Subtitled Cinema & Me

Published: Feb 8th, 2016

A picture of Ellie Parfitt at the cinemaAs a deaf teenager I am resigned to the sad fact that some typical teenage activities are not accessible to me. Growing up in the predominantly hearing world, places to go and things to do socially and for leisure are fairly limited. I am profoundly deaf, and have been since birth. I wear two digital hearing aids and communicate through lip-reading and speech.

Common outings amongst young people are pop concerts, nightclubs, theatre, comedy and music. I accepted a long time ago, that they won’t be available or suitable for me, which severely restricts my social inclusion. Other activities, depending on each circumstance are possible, but only with the right support or adaptation.

Going to the cinema for most people is a common social outing to enjoy with family and friends. Until I was 18, I had only been to the cinema two or three times. Seeing the latest film release or most talked about movie was something my family has always accepted as almost impossible because of the lack of subtitled screenings.

Unrealistic Expectations

When mum searched for subtitled showings in our local cinema, I know she fully expected not to find any. She told me she felt that if she ever stumbled across a suitable film with captions, she likened it to winning some money on the lottery. As a parent, she felt that the inability to take her family on an outing to the cinema was a right (however small) denied to us, which many others take for granted.

When so many other activities are just not suitable because of the sound issues, why can’t subtitled cinema be an option? For so long – from my childhood into teenage years – it just wasn’t possible. In Norfolk, where I live, with a population of just under 900,000 people, why was it acceptable to screen only one subtitled showing of an unsuitable film in one far off location at an ungodly time of the day or night? I don’t know why they think that deaf people don’t have jobs or enjoy going to cinema really late at night. In the end my mum and I simply gave up looking, knowing the only option was to wait and buy the DVD, hoping it had subtitles, which thankfully it usually did.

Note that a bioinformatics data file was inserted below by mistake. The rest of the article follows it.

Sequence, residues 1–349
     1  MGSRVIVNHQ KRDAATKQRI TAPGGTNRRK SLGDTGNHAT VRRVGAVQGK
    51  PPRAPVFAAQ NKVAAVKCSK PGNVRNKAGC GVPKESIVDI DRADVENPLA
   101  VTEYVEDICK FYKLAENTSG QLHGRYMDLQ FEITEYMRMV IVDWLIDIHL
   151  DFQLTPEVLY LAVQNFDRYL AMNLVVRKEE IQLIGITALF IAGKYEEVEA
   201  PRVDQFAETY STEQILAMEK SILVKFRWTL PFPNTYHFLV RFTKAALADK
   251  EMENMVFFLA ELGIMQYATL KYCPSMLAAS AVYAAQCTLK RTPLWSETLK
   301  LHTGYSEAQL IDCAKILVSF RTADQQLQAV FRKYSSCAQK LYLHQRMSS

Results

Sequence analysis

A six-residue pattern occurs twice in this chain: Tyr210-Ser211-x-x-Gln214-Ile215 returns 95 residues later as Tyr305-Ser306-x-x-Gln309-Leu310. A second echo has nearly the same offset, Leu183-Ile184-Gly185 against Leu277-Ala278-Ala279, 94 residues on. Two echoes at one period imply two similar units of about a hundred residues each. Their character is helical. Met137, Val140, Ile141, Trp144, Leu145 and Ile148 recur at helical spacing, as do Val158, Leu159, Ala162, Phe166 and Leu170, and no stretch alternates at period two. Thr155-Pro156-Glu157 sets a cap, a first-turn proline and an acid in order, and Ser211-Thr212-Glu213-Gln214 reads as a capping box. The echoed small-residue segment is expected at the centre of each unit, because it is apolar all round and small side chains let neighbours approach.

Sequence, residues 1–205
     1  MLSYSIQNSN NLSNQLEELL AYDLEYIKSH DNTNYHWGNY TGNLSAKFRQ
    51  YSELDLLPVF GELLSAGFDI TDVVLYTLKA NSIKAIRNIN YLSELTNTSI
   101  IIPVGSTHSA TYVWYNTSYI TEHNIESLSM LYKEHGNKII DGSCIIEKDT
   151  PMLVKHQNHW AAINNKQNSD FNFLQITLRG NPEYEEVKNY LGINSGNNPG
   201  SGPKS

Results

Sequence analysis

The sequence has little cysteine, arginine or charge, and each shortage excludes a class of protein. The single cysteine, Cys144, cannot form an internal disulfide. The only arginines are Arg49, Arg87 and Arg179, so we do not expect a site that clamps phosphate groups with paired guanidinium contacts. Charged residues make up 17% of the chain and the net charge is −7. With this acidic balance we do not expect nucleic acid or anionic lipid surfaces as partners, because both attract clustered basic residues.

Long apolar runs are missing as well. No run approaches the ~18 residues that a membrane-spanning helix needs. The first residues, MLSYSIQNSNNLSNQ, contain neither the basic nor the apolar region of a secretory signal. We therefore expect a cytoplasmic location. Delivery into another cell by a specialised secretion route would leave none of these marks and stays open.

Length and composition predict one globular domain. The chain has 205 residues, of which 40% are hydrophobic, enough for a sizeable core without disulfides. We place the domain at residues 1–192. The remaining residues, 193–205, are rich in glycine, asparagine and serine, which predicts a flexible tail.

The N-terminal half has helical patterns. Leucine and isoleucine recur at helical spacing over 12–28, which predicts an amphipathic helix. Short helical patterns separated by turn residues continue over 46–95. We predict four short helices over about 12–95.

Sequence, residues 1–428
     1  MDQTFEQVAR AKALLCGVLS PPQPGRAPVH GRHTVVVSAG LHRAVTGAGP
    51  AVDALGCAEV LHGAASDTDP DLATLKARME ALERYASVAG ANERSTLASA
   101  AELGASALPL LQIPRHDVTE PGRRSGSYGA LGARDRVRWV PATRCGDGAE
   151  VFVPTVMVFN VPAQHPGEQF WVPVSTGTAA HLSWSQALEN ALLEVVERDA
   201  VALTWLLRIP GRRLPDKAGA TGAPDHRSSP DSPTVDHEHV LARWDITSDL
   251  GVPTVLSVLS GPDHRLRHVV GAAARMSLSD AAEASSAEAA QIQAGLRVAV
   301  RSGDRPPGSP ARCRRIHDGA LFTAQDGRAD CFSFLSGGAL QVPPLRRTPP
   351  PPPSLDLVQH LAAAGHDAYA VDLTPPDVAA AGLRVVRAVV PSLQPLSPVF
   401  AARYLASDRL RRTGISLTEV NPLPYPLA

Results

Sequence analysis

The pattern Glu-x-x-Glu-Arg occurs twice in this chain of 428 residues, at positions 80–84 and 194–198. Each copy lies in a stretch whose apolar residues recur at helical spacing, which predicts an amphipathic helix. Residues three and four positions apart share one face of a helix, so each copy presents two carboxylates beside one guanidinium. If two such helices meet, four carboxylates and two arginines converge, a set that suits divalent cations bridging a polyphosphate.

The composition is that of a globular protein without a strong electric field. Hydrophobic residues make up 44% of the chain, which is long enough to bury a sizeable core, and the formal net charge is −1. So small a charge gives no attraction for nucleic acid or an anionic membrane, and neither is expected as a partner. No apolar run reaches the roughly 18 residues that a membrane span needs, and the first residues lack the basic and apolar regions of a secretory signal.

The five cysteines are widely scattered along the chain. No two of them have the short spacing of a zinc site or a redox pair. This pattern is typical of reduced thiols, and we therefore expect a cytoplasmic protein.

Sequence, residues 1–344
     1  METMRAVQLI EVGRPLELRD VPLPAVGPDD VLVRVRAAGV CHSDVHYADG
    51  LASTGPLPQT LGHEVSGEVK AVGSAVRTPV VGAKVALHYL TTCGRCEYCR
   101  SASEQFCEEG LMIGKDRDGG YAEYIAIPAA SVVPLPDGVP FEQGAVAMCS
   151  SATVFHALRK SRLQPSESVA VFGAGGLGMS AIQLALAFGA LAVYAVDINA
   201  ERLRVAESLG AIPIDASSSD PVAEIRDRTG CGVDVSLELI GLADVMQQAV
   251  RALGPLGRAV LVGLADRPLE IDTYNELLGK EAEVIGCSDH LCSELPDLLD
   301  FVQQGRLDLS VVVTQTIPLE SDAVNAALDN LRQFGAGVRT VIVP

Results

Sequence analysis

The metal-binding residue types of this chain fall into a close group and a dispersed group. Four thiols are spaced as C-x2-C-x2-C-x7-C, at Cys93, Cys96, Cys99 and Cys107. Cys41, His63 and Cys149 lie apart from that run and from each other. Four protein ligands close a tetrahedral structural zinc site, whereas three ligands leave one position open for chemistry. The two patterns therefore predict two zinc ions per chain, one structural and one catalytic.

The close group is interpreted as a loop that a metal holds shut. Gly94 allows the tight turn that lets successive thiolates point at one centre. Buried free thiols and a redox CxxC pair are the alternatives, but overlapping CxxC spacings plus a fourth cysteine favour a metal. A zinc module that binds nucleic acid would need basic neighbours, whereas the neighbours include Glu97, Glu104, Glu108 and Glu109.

A Deepened Sense of Isolation

When you ‘struggle’ as a teenager to fit into society, to feel included and strive for that sense of belonging to your peer group, discussion about the latest blockbuster or the appearance of popular celebrities in new film releases can make me feel really isolated. It’s a horrible feeling. It even cut off my hearing brother from his friends when we couldn’t go to the cinema.

This was the all too familiar situation for the whole of my teenage years until recently when I started my blogging and taking interest in deaf issues. Things came to a head last year, when my family and I decided enough was enough and something had to change. We had to single handedly ‘take on’ our local Odeon cinema when we wanted to see the new James Bond film ‘Spectre’.

Looking online, Mum was literally incensed. With a choice of over 40 screenings of Spectre on a day in the opening week, not one was subtitled. A challenging telephone call (on my behalf) was made, with the manager of our local Odeon. They revealed it wasn’t their ‘policy’ to show a subtitled performance in the opening week of a film! (Something to do with no ‘demand’ and upsetting other cinema goers). But surely one subtitled screening would not prevent cinema goers from attending one of the other 39 showings?!